UK, partners awarded $12 million to advance biomedical innovation, entrepreneurship

Photo of Campus
Mark Cornelison | UK Photo.

LEXINGTON, Ky. (Oct. 13, 2023) — The University of Kentucky and its partners at four other institutions have been awarded $12 million from the National Institutes of Health (NIH) to launch a new hub focused on accelerating real-world impact of biomedical innovations through education, mentorship and financial support for entrepreneurs.

The Mid-South Research Evaluation and Commercialization Hub (REACH) spans a four-state network of Tennessee, Kentucky, Mississippi and Virginia.

Vanderbilt University will lead the hub and UK will work with the University of Louisville (UofL) in Kentucky to continue to transform academic discoveries into real-world products that advance human health and catalyze a medical innovation economy.  

“The University of Kentucky continues to grow as a research university with an intense focus on our commitment to advancing the Commonwealth,” said Taunya Phillips, director of the UK Office of Technology Commercialization (OTC) and UK’s principal investigator on the project. “We are excited about the potential this collaboration brings to the spirit of innovation across our partners in the Mid-South Hub and look forward to transforming lifesaving and life-changing ideas into concrete solutions.”

The NIH's REACH program is dedicated to facilitating the transition of fundamental scientific breakthroughs into the marketplace. REACH achieves this goal by offering innovators comprehensive entrepreneurial training, guidance from both federal and industry experts, financial support for initial product definition studies and project management assistance.

UK’s representatives will collaborate with leaders at partner institutions Vanderbilt, UofL, Jackson State University and George Mason University. Collectively, the goal is to transform academic findings into tangible products that improve human health and stimulate the growth of a medical innovation-driven economy.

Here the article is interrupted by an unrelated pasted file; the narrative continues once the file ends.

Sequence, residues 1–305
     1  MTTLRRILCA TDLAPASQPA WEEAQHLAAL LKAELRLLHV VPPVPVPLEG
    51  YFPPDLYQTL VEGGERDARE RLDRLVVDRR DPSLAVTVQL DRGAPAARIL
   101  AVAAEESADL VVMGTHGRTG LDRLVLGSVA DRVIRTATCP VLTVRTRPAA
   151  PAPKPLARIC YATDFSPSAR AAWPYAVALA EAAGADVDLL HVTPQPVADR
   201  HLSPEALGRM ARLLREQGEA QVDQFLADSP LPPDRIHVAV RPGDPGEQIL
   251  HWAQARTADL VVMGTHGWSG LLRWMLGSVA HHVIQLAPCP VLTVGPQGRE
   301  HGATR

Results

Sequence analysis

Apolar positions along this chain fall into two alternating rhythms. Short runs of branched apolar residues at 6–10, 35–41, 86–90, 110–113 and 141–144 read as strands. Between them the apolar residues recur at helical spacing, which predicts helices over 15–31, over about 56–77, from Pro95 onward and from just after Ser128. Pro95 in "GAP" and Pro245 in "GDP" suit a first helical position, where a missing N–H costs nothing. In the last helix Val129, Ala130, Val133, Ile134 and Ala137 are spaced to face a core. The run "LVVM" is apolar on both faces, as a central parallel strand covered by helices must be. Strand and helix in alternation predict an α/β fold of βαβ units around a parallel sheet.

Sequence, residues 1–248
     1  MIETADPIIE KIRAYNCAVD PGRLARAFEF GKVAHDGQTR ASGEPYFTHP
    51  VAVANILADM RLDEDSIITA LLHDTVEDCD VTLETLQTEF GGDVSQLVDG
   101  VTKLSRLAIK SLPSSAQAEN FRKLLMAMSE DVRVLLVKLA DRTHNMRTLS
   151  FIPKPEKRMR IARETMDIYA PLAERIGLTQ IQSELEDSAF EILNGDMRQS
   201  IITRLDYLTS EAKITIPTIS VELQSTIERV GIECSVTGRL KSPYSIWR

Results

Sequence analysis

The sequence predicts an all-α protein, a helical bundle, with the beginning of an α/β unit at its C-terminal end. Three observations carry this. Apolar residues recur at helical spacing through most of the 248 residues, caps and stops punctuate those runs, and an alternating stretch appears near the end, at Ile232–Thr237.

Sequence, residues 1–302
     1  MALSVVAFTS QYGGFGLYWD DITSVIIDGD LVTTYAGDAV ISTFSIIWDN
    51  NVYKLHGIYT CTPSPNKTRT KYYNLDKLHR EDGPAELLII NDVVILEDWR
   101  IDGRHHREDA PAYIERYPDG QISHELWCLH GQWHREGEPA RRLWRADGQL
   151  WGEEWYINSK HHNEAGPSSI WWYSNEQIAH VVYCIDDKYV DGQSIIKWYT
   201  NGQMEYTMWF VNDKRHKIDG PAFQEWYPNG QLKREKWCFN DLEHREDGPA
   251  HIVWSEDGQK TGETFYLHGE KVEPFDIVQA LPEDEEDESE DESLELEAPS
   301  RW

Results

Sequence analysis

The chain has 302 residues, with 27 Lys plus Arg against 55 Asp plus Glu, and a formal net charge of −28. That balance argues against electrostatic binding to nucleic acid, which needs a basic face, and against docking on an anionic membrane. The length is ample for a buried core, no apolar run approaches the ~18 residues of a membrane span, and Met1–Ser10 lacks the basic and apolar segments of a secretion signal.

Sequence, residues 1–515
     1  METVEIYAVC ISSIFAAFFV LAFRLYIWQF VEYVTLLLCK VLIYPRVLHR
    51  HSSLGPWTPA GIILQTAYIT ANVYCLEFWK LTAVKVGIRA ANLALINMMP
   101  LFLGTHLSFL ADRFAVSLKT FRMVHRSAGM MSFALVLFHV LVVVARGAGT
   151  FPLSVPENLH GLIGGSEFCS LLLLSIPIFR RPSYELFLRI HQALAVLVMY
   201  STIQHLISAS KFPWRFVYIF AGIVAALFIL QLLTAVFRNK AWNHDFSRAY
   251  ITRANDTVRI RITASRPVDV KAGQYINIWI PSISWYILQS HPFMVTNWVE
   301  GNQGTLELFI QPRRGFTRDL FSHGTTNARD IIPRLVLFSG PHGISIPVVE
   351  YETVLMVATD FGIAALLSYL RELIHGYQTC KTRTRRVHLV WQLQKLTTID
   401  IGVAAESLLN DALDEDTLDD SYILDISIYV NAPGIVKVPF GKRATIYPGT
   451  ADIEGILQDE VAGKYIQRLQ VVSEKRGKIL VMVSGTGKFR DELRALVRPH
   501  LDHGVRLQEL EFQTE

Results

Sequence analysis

“There is a continuous need for innovation in health and entrepreneurship, especially with respect to health-related challenges facing the Commonwealth. UK is poised to provide a dynamic and forward-thinking approach to address these challenges,” said Linda Dwoskin, Ph.D., who holds the University Professorship in Graduate Medical Education in the Department of Pharmaceutical Sciences in the UK College of Pharmacy and director of the Kentucky Network for Innovation and Commercialization (KYNETIC).

“Entrepreneurship is critical to bring our innovations to the people who need them the most. We look forward to this new opportunity to help not only Kentuckians but people across the Mid-South,” said Dwoskin.

This initiative aims to create opportunities in states with significant untapped potential but limited resources for translating research breakthroughs into practical biomedical technologies. Entrepreneurs at universities across the four-state network are eligible to apply.

The NIH will contribute $4 million over four years to Mid-South REACH, with more than $8 million in additional matching funds from partnering universities, state economic development entities and public-private partnerships.  

As part of its role in Mid-South REACH, UK will continue to build off its alliances in other innovation-associated programs.

UK is part of the National Science Foundation (NSF) Mid-South Innovation Corps (I-Corps) Hub, one of 10 across the U.S., along with eight other institutions of higher education in the region, including Vanderbilt and UofL. The hub launched in January of this year aimed at accelerating product innovation, entrepreneurship and economic development. NSF funded the new hub with $15 million over five years.

UK currently leads KYNETIC, an NIH REACH program, along with UofL, the Kentucky Cabinet for Economic Development and Kentucky Commercialization Ventures, an initiative of the Kentucky Science and Technology Corporation.

Research reported in this publication was supported by the National Institute of General Medical Sciences of the National Institutes of Health under Award Number U01GM152538. The content is solely the responsibility of the authors and does not necessarily represent the official views of the National Institutes of Health.

As the state’s flagship, land-grant institution, the University of Kentucky exists to advance the Commonwealth. We do that by preparing the next generation of leaders — placing students at the heart of everything we do — and transforming the lives of Kentuckians through education, research and creative work, service and health care. We pride ourselves on being a catalyst for breakthroughs and a force for healing, a place where ingenuity unfolds. It's all made possible by our people — visionaries, disruptors and pioneers — who make up 200 academic programs, a $476.5 million research and development enterprise and a world-class medical center, all on one campus.   

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